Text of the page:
The focal point of your video is your face. This is where you want to draw your audience’s attention. Leaning forward makes your head more prominent in the frame. It also moves your face closer to the light. If you need to, place a pillow behind you to give support and push you forward a little from the back of your chair.
Now you’ve got a nicely composed frame. That is, until your toddler strolls onto screen, or your cat’s tail pops into frame as you’re making an important point!
Step 7 – Make Sure There Is Plenty of Light On Your Face
A little bit of shadow gives you a more natural look online. However, too much shadow can make you appear older and more tired. Soft, diffuse light is the most flattering option.
In order to find the best set-up for you, position yourself in front of your light source with the light shining slightly downwards, and then try out a few angles, from left to right, to see whether you prefer the flatter effect or some light shadow.
For a flatter lighting effect, position yourself directly towards the light source, whether it’s a window or lamp. Otherwise if you want to create some natural shadows, turn your body slightly to the left or right of the light source at a 45-degree angle.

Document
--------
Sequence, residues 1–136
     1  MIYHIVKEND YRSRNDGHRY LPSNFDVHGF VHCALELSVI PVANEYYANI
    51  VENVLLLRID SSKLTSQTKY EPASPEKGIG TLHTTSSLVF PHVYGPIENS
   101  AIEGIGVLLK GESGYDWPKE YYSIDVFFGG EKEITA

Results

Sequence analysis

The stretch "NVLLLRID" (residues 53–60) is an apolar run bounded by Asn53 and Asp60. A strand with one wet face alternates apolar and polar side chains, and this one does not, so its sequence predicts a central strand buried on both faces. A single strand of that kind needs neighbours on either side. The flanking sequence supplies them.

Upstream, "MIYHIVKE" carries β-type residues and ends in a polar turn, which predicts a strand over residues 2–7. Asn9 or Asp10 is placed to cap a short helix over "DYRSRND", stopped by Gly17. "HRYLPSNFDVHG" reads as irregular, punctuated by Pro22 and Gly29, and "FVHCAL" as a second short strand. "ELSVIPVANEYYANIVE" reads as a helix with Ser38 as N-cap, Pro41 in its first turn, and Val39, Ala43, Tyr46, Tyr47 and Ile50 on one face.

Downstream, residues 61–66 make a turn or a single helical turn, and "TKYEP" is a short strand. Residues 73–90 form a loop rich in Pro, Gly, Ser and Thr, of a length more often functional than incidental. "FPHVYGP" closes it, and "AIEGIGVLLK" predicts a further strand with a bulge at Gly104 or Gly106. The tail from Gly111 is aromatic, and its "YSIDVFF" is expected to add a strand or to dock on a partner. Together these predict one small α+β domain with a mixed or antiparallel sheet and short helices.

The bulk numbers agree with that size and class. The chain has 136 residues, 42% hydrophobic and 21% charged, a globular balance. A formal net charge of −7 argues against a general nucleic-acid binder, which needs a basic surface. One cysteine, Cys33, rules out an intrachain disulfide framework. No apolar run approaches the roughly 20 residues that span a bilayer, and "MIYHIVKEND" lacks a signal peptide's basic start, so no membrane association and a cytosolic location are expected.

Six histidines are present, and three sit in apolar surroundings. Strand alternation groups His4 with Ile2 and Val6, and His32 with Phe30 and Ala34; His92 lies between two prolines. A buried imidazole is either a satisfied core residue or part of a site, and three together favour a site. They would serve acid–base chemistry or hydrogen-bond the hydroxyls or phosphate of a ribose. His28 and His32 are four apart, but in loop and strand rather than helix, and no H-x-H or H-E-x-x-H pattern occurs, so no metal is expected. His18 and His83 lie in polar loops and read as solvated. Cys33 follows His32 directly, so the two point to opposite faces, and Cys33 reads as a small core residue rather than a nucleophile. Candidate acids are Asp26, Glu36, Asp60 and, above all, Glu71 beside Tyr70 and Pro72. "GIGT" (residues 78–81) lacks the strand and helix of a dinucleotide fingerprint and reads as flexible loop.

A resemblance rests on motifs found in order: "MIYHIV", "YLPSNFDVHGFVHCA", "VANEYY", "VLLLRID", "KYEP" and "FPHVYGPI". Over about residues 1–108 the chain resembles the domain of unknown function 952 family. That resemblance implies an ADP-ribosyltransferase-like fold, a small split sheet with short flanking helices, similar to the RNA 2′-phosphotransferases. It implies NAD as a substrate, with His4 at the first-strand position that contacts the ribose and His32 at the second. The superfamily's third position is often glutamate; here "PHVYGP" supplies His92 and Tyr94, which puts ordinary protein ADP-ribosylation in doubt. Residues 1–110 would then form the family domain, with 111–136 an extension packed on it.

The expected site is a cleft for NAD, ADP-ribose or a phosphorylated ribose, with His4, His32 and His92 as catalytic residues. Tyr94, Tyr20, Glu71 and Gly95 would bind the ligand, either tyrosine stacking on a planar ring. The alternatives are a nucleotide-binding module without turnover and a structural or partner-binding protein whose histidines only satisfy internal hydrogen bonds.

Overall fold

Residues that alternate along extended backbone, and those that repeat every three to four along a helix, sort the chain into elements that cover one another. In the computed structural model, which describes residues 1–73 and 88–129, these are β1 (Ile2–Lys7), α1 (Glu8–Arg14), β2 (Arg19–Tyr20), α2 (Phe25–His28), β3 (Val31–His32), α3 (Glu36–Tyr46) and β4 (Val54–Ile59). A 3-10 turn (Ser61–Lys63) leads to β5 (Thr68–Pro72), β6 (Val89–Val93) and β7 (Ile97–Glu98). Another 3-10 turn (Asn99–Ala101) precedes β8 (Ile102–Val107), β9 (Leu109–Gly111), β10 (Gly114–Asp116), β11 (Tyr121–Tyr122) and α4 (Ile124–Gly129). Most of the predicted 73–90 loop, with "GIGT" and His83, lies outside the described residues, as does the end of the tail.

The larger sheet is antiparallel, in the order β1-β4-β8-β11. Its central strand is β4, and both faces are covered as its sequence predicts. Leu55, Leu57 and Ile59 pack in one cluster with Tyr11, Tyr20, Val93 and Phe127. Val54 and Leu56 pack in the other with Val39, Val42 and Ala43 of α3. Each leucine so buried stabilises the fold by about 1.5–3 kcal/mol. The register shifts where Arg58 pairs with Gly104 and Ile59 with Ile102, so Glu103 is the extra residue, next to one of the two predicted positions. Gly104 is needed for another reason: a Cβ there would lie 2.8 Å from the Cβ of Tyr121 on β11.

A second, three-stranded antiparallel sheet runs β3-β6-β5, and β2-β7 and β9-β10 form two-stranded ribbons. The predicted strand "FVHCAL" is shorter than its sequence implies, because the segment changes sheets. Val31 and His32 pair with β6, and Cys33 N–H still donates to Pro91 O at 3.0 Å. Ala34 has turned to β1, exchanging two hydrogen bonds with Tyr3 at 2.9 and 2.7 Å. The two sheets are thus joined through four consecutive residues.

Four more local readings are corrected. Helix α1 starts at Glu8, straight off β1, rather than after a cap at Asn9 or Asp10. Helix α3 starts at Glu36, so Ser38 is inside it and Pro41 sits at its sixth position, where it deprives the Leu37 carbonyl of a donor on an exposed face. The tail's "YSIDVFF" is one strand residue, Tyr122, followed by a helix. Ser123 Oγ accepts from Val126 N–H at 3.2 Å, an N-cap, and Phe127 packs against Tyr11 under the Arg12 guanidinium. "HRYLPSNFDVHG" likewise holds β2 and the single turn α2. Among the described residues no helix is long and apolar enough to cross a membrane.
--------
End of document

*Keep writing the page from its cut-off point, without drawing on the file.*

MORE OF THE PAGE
Step 8 – Use An External Microphone
We tend to think about video in terms of visuals. While it’s true that a picture is a worth a thousand words, sound is equally as important. You may not notice when a video call or presentation sounds good. But poor audio quality can be very distracting to your audience.
Built-in mics on a laptop or mobile phone are convenient. However, they tend to pick up a lot of background noise. This is because when your device is positioned at an adequate distance to correctly frame your video, the microphone is farther away from your mouth. As a result, your audience may struggle to hear you clearly.
Using a headset is a great way to get clean sound because the microphone is closer to your mouth. You can use the free headset that comes with your device. Just be sure that the microphone wire doesn’t rub up against your lapel or collar because this can create crackling noises on the other end of the line.